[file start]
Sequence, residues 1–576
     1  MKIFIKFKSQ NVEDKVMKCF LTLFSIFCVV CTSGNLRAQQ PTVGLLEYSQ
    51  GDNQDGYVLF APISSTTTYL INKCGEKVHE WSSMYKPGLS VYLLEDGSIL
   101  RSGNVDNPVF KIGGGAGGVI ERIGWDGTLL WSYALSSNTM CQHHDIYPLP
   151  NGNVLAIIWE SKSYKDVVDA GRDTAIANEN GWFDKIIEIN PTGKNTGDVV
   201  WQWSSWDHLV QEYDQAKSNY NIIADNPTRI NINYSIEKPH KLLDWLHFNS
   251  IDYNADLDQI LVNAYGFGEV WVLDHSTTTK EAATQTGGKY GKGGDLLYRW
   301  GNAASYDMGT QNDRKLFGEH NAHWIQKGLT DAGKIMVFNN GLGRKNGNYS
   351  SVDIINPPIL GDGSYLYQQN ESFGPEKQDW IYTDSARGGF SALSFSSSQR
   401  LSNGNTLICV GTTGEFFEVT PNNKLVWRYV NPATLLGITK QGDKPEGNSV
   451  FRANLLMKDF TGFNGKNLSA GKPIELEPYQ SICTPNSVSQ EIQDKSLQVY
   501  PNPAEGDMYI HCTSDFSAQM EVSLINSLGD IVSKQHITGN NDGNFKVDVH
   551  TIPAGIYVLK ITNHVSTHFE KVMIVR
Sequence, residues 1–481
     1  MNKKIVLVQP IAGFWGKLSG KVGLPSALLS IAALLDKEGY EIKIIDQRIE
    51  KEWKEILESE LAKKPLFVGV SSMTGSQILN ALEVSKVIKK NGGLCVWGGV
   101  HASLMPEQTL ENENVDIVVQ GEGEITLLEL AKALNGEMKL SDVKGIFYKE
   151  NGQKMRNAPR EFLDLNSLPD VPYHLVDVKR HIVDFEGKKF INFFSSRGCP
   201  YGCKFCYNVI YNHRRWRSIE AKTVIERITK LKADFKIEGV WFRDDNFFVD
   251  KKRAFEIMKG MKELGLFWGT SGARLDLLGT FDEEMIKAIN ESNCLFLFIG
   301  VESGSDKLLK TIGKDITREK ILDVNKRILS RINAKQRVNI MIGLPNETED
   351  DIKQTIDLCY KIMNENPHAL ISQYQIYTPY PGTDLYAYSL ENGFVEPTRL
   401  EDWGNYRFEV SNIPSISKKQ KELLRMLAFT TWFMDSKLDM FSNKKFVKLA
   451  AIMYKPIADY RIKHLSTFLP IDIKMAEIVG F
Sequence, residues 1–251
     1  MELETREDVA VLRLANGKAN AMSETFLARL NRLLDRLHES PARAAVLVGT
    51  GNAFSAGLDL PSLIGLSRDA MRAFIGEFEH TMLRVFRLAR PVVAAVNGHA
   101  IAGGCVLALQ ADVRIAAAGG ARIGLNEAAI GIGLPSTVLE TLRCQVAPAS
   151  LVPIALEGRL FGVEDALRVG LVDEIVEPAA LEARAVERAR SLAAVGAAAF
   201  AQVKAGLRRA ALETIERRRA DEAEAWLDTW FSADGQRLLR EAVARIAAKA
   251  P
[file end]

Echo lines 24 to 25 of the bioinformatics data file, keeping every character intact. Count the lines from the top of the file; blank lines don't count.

   451  AIMYKPIADY RIKHLSTFLP IDIKMAEIVG F
Sequence, residues 1–251